The Consumer Protection Act provides a guarantee to the consumer’s rights and has made the filling proceedings facile for the consumers suffering to get redressal of their grievances without facing long delays, heavy court fees’ and lawyers’ tolls also the bare fact that the complainant in this written complaint has even raised complicated questions of fact or law, it cannot be refused to be entertained by the Consumer Disputes Redressal Commissions. In the present time, innovation in technology has provided the option for filing consumer complaints online. The Consumer Protection Act, 2019 is incorporated with mediation as an alternative dispute resolution mechanism, which helps in arriving at a settlement.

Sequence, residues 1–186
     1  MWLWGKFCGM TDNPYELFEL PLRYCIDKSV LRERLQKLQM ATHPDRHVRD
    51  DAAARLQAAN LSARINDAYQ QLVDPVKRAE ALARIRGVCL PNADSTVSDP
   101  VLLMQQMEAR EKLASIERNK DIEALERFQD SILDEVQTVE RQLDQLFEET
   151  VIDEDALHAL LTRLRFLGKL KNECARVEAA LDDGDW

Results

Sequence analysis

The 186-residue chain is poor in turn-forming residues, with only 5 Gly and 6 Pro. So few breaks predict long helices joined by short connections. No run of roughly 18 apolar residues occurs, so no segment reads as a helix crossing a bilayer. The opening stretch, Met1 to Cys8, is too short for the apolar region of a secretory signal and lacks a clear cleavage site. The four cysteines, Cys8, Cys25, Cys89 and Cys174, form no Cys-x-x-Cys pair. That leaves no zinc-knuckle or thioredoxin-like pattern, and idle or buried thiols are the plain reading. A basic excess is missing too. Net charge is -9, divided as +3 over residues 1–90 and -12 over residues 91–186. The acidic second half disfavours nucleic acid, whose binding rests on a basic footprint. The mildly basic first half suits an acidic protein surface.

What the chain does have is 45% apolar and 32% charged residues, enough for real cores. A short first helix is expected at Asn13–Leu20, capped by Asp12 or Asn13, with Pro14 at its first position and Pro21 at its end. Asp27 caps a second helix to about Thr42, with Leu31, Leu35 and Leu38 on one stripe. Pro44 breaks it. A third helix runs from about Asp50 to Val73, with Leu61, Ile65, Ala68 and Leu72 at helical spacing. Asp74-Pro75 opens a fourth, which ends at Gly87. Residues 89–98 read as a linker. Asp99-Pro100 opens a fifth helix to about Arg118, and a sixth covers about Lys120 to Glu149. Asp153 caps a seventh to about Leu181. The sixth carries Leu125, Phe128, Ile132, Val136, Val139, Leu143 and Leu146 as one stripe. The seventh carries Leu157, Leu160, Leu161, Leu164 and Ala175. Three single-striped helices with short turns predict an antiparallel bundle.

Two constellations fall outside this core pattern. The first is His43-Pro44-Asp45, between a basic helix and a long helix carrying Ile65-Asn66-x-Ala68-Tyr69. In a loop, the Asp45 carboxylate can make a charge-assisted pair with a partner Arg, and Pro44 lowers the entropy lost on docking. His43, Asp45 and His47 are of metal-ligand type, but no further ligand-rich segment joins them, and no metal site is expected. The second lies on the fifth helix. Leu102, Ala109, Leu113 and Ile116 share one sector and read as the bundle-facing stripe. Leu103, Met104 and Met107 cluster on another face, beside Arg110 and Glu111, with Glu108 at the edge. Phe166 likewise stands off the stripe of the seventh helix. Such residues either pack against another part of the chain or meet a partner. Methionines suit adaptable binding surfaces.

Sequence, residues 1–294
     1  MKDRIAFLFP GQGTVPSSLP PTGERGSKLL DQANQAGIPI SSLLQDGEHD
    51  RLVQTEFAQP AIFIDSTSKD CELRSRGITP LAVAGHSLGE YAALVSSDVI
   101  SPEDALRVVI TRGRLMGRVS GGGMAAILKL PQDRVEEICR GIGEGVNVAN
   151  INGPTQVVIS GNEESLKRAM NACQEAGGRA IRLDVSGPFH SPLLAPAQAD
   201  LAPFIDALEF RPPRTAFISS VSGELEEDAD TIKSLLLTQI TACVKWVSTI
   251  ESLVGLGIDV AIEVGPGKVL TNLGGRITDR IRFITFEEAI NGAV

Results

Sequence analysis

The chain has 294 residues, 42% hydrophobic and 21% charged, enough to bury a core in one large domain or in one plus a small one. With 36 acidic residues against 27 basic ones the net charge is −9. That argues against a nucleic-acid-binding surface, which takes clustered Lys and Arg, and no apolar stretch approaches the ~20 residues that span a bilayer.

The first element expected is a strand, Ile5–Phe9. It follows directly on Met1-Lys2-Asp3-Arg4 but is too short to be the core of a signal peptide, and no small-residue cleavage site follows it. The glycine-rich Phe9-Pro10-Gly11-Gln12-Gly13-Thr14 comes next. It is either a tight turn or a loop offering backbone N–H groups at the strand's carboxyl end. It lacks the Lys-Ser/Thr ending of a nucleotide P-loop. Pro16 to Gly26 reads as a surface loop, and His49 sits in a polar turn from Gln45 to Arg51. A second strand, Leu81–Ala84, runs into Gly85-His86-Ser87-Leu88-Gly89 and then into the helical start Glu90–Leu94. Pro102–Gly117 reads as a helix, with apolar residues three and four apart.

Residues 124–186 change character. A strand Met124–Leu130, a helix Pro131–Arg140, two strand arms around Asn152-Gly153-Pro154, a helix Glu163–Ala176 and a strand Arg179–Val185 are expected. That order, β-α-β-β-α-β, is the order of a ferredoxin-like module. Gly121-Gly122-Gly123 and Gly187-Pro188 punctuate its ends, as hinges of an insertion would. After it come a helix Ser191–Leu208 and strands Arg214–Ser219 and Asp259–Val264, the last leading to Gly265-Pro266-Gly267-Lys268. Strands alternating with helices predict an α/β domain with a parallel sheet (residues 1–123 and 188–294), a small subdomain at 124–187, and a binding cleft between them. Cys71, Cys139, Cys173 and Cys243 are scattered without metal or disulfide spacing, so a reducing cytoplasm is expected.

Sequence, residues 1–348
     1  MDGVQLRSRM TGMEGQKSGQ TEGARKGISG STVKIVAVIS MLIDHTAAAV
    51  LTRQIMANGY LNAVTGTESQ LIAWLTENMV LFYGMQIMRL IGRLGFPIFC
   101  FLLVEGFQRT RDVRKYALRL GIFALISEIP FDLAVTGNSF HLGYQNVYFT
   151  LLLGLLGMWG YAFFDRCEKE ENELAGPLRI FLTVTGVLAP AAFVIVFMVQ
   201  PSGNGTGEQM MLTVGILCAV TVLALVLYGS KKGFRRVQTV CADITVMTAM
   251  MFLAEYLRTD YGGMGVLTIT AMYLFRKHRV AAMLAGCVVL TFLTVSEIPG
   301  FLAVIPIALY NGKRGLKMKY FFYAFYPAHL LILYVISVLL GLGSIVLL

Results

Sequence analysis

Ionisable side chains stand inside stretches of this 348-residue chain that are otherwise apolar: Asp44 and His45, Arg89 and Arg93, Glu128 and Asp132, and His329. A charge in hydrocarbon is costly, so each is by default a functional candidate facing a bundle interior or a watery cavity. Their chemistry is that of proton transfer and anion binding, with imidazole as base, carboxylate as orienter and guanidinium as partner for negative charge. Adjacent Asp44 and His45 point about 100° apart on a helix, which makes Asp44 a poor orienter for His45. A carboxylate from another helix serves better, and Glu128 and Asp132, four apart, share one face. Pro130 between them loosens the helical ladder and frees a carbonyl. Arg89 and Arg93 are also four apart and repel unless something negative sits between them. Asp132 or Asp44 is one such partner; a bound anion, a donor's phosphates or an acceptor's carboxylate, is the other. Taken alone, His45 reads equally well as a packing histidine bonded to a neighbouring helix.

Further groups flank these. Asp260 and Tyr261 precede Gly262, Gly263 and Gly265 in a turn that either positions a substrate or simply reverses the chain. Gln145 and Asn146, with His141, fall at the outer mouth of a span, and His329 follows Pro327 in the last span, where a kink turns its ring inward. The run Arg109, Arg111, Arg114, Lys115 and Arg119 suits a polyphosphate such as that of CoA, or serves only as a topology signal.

- Consumer protection Amendment Act, 2019
- Book: Law of Torts and Consumer Protection by Asian Law House
- Book: Consumer Protection Jurisprudence Author V Balakrishna Eradi Publication: LexisNexis ISBN: 81-8038-071-8
- A handbook of Consumer Protection Law and Procedure by Dr. R.K.Bangia Publisher Allahabad Law agency Sixth Edition, 2007